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Philly schools using email, calls, and even home visits to help kids get required vaccines

A new partnership between the Philadelphia School District and city health department is aimed at reducing the number of non-immunized students.

The MMR vaccine.
The MMR vaccine.Read moreAndrey Popov / MCT

Over the summer, parents of Philadelphia students got phone calls, text messages, and letters reminding them to have their children vaccinated. By Monday’s deadline’s for immunizations, the district may start planning home visits to families that have not provided medical records or sought exemptions.

District officials on Thursday said they want to minimize the number of students who are excluded from attending school for vaccine-related reasons. This year, students were given 60 days to provide their records or obtain a religious, medical or philosophical exemption.

Karyn Lynch, the district’s chief of student support services, said that as of this week, about 3,600 children were not yet in compliance with school policies. The next step, she said, is contacting families directly to learn why the student has not been vaccinated or sought an exclusion, and offering to help make appointments.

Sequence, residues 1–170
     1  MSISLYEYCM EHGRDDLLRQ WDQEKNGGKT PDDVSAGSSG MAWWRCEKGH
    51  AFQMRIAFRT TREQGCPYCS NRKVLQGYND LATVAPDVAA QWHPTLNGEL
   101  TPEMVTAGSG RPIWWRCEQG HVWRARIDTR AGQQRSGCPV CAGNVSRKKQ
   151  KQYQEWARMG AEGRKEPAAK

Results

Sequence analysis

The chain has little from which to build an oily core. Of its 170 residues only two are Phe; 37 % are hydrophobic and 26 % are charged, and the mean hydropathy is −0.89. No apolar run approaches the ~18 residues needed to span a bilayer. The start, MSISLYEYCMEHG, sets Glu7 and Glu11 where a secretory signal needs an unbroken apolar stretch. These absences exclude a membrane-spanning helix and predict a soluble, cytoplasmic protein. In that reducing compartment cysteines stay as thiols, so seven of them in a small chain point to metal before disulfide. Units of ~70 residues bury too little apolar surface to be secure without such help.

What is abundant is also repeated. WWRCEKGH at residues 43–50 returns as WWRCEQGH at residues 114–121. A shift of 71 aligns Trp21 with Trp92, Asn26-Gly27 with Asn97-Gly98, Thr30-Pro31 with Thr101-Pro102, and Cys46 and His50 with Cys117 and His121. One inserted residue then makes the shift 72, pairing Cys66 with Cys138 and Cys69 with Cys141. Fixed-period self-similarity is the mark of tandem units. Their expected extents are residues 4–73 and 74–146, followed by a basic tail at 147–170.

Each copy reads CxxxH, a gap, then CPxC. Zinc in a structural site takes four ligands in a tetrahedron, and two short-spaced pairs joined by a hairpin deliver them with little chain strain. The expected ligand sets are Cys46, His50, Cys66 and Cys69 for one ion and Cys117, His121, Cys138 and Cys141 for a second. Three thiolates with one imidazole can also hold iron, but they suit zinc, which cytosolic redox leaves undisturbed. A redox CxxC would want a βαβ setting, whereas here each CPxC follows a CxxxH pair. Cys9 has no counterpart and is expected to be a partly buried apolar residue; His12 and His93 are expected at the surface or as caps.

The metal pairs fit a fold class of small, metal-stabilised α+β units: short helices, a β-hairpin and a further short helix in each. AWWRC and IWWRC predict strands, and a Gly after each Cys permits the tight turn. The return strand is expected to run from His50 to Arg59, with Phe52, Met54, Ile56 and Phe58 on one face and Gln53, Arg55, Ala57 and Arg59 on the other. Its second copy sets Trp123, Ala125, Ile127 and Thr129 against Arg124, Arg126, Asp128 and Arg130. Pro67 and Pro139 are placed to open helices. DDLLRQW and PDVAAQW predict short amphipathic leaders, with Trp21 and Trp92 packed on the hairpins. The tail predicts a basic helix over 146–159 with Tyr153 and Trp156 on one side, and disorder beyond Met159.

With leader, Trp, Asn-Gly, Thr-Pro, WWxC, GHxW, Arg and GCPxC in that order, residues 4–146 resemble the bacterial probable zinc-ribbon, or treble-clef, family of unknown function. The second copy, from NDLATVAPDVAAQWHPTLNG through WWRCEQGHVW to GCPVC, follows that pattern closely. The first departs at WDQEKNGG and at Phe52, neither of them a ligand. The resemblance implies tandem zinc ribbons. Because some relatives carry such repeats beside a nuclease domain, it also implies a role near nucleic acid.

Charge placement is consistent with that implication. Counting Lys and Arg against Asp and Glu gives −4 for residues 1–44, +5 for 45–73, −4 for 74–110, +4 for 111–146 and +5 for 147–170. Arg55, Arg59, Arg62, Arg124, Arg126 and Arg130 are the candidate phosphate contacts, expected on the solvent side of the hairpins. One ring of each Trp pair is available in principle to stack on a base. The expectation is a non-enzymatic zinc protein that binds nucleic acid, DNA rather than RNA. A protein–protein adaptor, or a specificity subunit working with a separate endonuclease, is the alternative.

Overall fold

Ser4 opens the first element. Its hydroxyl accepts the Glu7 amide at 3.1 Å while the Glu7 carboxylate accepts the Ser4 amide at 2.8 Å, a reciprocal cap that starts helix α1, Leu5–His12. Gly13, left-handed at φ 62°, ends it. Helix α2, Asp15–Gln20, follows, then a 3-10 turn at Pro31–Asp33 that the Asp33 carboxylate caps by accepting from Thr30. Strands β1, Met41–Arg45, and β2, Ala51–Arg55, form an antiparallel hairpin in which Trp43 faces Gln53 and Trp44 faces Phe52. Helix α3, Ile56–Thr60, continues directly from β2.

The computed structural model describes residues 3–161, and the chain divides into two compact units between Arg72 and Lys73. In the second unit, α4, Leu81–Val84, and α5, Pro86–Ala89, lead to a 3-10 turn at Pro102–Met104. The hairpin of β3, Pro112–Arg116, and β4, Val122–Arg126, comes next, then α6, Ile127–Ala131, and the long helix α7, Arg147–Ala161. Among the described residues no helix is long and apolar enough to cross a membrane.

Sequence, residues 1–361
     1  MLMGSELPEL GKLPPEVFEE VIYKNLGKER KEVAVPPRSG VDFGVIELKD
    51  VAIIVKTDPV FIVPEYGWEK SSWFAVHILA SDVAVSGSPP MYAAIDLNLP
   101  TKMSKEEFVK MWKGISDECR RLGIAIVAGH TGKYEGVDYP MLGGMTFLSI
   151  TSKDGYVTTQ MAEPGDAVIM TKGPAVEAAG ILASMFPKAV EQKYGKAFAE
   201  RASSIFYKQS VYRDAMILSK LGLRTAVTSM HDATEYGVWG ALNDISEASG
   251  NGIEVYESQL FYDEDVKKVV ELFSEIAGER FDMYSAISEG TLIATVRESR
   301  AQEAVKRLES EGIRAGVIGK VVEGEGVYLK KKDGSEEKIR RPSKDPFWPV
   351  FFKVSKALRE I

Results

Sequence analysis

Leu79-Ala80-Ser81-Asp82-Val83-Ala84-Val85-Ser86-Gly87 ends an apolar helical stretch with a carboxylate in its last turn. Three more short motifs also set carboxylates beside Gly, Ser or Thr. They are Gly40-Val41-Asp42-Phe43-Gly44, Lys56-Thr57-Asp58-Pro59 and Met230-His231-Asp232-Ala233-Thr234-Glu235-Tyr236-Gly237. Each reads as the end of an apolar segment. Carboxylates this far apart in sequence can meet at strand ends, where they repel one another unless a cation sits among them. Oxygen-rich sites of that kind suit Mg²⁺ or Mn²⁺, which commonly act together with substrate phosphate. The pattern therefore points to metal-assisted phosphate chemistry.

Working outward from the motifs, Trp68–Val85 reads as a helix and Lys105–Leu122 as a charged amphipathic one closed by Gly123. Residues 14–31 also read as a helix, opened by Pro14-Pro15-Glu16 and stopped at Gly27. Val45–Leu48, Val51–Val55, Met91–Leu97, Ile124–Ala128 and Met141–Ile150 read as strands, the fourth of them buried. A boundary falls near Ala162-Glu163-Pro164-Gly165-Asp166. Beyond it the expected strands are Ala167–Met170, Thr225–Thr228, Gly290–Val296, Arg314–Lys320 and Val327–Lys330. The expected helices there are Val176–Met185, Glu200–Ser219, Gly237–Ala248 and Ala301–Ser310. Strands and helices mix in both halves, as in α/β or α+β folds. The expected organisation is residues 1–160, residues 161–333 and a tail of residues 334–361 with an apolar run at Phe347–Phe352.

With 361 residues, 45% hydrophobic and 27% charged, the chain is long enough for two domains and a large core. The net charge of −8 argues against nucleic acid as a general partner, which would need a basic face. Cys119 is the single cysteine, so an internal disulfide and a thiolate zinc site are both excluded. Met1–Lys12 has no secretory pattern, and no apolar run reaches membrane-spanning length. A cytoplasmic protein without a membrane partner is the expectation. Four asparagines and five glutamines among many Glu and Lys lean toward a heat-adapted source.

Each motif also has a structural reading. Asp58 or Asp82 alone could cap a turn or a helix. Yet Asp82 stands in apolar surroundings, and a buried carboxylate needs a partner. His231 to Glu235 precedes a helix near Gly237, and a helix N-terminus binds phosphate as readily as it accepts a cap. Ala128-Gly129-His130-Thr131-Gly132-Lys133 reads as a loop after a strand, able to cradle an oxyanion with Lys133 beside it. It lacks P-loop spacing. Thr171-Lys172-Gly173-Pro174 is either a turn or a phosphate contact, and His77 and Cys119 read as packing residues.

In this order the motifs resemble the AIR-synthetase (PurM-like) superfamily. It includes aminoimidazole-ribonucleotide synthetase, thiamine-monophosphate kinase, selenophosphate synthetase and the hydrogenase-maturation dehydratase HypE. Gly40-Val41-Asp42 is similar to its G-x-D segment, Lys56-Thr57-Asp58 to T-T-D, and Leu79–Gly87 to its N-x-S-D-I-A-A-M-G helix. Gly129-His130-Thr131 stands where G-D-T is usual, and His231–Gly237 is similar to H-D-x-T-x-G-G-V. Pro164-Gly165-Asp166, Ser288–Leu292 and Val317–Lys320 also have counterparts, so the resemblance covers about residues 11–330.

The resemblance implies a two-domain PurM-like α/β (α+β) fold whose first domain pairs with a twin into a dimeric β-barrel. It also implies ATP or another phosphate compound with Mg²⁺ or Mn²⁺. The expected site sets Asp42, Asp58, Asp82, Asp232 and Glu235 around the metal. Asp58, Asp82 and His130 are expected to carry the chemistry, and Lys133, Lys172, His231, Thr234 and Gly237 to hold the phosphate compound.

» READ MORE: Healthier schools means increased immunizations

Working with the city health department, the district has sent thousands of messages to parents of the approximately 124,000 students enrolled in traditional public schools. Officials also launched a hotline to help parents get immunizations and submit medical records, and a website with information about the vaccines required for students of every grade level.

“We are working extremely hard to ensure that not a single child is unable to attend school,” Lynch said.

About 12,000 pupils lacked either the state-mandated vaccinations or an exemption last school year.

» READ MORE: Vaccines aren’t just for kids: Why it’s important for adults to keep up with their immunizations

Earlier this year, some school nurses told The Inquirer they were concerned by a change in district policy that prohibited them from sending home students who had not been vaccinated. Lynch has said the shift was needed to standardize procedures so that district officials across the city were following the same process, though nurses said excluding students was often an effective way of forcing families to provide the medical records.

Philadelphia’s school immunization compliance numbers are generally in line with the rest of the state’s, according to Pennsylvania data. During the 2017-18 school year, 96% of students received at least two doses of the required measles, mumps and rubella vaccine. That number was 97% statewide.